|general aviation aircraft||一般航空機|
The China Post
· Failed Maduro coup leader flew on pro-govt magnate’s plane →
An aviation industry executive confirmed the authenticity of the documents and said SERAMI was used by the Durán brothers to charter their frequent flights between Colombia and Venezuela.
· Bill Gates conspiracy theories echo through Africa →
Politicians in Nigeria have also pushed similar narratives including Femi Fani-Kayode, a former aviation minister notorious for sharing misinformation along political and religious lines.
The Japan Times
· China to allow charter flights from eight countries but not from U.S. →
The Civil Aviation Administration of China didn’t immediately respond to requests for comment.
· Boeing to resume production of ill-fated 737 MAX planes →
The jet hasn't flown commercially since March 2019 and is still a number of key steps away from being cleared for service by the US Federal Aviation Administration and other regulators.
· Ryanair worst airline for flight cancellation refunds, finds Which? →
In mid-May, the Civil Aviation Authority warned airlines that the law was clear and that they had to offer refunds if requested, rather than offering a voucher or credit note.
· Boeing cutting more than 12,000 US jobs, thousands more planned →
General Electric Co said this month it planned to cut its aviation unit’s global workforce this year by as much as 25 per cent, or up to 13,000 jobs.
· Exxon Mobil Corporation (XOM) CEO Darren Woods Hosts 2020 Annual Meeting of Shareholders (Transcript) →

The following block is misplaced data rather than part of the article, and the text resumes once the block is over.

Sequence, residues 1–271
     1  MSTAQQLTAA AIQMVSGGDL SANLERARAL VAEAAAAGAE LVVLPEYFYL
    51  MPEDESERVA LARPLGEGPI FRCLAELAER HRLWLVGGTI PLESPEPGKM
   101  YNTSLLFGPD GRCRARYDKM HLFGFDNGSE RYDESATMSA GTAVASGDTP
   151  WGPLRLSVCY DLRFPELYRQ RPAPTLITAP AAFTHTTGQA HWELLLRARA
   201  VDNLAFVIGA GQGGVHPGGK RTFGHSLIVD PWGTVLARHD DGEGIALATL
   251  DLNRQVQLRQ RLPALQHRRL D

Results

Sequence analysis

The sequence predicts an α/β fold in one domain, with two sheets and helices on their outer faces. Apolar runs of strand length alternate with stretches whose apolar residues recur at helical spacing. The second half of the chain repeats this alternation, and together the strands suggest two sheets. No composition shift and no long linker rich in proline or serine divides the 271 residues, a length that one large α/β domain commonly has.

Demand for aviation fuel dropped by nearly 70% and gasoline demand was almost half.
· HEICO Corporation (HEI) CEO Laurans Mendelson on Q2 2020 Results - Earnings Call Transcript →
HEICO's actual results may differ materially from those expressed in or implied by those forward-looking statements as a result of factors, including the severity, magnitude and duration of the COVID-19 outbreak; HEICO's liquidity and the amount and timing of cash generation; the continued decline in commercial air travel caused by the COVID-19 outbreak; lower demand for commercial air travel or airline fleet changes or airline purchasing decisions, which could cause lower demand for our goods and services; product specification costs and requirements, which could cause an increase to our cost to complete contracts, governmental and regulatory demands; export policies and restrictions; reductions in defense, space or Homeland Security spending by US and/or foreign customers or competition from existing and new competitors, which could reduce our sales, our ability to introduce new products and services at profitable pricing levels, which could reduce our sales or sales growth; product development or manufacturing difficulties, which could increase our product development cost and delay sales; our ability to make acquisitions and achieve operating synergies from acquired businesses; customer credit risk; interest, foreign currency exchange and income tax rates; economic conditions within and outside of the aviation, defense space; medical for the communications and electronic industries, which could negatively impact our cost and revenues; and defense spending or budget cuts, which could reduce our defense-related revenue.